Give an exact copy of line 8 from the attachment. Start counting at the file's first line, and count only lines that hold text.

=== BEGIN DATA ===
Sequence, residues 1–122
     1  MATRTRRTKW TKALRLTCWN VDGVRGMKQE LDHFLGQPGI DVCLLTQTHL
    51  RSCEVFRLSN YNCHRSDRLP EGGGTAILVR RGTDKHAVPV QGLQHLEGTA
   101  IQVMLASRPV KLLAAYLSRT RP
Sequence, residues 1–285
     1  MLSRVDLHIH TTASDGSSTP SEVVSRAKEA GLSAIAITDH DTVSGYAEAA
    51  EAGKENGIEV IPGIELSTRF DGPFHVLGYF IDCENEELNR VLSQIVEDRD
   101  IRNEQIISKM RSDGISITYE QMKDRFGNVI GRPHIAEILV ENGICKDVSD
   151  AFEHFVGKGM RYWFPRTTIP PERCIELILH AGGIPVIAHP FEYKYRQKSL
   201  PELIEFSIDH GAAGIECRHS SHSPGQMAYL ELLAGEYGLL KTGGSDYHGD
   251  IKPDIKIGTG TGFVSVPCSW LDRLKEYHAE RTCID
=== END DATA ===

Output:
   101  IRNEQIISKM RSDGISITYE QMKDRFGNVI GRPHIAEILV ENGICKDVSD